Helping a parent financially after death of a loved one

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It is a scenario that is all too common. Widows and widowers can find themselves treading water financially after the death of a loved one. 7 On Your Side's Michael Finney looks at how "adult kids" can help their grieving parent get through this tough time.

It is a scenario that is all too common. Widows and widowers can find themselves treading water financially after the death of a loved one. 7 On Your Side's Michael Finney looks at how "adult kids" can help their grieving parent get through this tough time.

San Francisco resident Charlene Tuchman is still getting used to life without her husband, Sidney, one year after his death.

They were married for 62 years. "He was fun. He was a little bit outrageous, he was sweet. He was kind," she said.

Sidney ran a big dry-cleaning business in Indianapolis and took care of all the finances at home. "When it came to things like insurance, investments, and building the funds and money, I seriously had absolutely no idea," Charlene said.

Her son happens to be a managing director of the Palo Alto-based retirement investment management company Rebalance IRA. Mitch Tuchman says the firm works with a lot of people who are widowed or divorced from spouses who made the financial decisions for them. "It's very stressful, and money powers one's life generally, so when you don't have that control, it's very scary for people," said Tuchman.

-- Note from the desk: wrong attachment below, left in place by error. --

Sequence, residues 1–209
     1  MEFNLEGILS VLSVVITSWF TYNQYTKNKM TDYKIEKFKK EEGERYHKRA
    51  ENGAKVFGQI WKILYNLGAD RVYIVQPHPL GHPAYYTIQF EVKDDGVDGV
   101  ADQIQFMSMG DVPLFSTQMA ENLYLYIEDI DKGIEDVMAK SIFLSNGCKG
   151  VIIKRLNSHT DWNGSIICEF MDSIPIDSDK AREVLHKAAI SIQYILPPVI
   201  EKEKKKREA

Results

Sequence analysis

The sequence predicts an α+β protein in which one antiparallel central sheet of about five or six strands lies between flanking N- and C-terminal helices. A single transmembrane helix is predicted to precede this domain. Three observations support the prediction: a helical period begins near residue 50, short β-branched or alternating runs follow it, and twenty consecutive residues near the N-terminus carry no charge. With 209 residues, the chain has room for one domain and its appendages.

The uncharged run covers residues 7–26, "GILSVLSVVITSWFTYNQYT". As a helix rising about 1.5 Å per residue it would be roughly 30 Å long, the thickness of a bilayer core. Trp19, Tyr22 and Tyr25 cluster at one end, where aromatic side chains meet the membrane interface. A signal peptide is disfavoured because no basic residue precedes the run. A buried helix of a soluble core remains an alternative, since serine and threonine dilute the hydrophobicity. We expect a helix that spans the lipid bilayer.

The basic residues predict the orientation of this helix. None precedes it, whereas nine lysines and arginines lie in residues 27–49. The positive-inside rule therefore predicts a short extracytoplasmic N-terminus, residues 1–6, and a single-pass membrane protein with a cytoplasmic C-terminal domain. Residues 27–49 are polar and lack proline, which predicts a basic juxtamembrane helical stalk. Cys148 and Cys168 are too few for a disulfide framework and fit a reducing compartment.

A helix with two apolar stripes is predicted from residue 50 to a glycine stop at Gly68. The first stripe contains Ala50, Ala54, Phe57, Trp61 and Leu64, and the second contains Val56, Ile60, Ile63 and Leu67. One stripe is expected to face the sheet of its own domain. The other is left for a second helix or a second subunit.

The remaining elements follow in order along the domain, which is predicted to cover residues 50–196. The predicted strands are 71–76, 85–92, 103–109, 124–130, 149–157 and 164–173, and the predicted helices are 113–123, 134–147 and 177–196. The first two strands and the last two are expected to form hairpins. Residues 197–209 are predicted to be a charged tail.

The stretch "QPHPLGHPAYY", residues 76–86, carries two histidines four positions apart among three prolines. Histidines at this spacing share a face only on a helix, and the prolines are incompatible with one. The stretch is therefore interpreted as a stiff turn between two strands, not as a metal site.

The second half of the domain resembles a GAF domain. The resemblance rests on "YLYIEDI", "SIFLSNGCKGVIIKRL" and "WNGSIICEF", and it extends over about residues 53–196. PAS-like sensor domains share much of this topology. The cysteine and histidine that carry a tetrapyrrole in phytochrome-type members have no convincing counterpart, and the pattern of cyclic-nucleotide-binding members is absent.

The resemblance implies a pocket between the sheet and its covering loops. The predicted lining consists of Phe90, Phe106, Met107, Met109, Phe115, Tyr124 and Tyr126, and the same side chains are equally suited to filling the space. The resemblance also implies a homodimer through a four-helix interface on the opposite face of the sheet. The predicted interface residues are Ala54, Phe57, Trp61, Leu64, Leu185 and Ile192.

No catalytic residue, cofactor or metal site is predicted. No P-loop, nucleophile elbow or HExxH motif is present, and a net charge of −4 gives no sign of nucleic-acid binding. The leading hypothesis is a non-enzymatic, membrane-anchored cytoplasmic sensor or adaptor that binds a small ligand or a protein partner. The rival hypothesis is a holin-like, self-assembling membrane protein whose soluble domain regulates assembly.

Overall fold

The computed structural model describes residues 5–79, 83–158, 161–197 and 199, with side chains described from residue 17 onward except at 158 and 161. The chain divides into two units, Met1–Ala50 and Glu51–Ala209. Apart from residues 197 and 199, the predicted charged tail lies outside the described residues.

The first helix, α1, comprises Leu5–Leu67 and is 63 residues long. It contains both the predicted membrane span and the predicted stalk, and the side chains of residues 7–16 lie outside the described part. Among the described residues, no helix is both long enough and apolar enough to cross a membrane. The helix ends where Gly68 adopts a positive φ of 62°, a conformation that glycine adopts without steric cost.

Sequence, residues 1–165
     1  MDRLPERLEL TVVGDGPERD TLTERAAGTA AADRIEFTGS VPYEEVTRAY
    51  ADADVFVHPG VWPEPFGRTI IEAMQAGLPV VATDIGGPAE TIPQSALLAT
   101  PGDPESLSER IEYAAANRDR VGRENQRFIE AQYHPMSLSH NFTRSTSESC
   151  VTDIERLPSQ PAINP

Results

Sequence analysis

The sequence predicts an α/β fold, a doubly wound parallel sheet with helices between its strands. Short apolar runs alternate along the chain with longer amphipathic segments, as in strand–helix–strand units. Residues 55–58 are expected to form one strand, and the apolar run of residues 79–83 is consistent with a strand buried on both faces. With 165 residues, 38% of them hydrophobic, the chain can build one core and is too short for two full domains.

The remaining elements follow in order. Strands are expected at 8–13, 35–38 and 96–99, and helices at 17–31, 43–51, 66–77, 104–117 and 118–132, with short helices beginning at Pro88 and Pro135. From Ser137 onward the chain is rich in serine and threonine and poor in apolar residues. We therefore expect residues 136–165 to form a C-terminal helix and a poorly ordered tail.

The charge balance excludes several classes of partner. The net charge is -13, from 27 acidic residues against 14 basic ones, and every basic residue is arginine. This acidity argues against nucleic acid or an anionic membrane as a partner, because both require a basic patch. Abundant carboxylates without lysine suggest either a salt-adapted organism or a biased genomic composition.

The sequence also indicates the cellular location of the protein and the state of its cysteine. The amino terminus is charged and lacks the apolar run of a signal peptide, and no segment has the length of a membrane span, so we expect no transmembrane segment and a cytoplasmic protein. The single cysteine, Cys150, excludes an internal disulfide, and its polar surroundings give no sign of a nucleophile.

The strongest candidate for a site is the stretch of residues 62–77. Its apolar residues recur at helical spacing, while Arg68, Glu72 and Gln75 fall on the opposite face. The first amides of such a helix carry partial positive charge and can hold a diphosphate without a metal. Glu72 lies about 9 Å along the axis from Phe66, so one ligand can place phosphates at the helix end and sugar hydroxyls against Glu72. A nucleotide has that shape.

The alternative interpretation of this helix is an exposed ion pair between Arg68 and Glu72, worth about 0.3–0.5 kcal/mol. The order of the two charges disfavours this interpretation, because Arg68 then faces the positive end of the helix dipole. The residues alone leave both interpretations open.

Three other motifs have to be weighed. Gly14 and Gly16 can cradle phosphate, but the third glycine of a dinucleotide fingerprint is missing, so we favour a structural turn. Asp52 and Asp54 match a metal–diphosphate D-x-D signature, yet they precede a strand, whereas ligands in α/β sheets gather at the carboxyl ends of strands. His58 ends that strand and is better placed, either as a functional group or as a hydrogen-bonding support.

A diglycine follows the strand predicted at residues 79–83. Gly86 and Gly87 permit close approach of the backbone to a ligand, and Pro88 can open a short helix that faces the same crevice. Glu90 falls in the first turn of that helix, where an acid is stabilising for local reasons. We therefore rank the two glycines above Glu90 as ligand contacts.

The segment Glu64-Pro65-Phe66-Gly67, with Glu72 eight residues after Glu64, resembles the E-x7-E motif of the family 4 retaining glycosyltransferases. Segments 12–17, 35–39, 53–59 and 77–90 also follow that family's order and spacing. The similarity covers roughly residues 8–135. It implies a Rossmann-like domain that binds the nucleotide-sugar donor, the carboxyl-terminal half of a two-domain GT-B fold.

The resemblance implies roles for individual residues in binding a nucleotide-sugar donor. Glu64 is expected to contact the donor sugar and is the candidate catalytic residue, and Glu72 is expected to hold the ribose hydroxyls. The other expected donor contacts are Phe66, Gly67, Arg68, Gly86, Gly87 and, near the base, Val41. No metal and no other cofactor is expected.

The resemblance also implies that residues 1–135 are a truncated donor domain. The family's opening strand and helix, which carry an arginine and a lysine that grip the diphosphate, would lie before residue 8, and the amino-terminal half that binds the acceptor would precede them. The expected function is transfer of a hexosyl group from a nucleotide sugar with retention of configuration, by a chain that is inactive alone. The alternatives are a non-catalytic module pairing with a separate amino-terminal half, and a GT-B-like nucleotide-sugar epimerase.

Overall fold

He sat down with his mother to ease her fears.

The first thing he told her was to postpone any big financial decisions until her stress eased. He then asked her to get a better handle on her spending. "We find a lot of people don't really understand how much they're really spending, particularly if there's a bread winner in the family," said Mitch.

If you cannot afford a financial adviser, turn to free financial calculators online. Mitch emphasizes his clients should invest their savings in ETFs or Exchange Traded Funds, which have lower fees. He says a difference of even 1 percent in fees can add up.
Finally, you can protect yourself against a downturn in the economy by having well-balanced portfolio in a wide variety of investments. Charlene says she is now prepared for what's ahead. "I think that was a relief, a total relief, because I could be who I was and I didn't have to worry," she said.

Here are links to free online calculators recommended by Mitch Tuchman to help you get a better handle on your finances.

Maximum my Social Security: This helps you calculate when someone should take social security

Retirement Planning Tools: MarketWatch

Mint: This helps bring all your finances together, and gives you a better grasp of what you are spending.

Written and Produced by Randall Yip

Click here for a look at more stories by Michael Finney and 7 On Your Side.
Related Topics:
financepersonal finance7 On Your Sideconsumer concernsmoneyconsumersavingsSan Francisco
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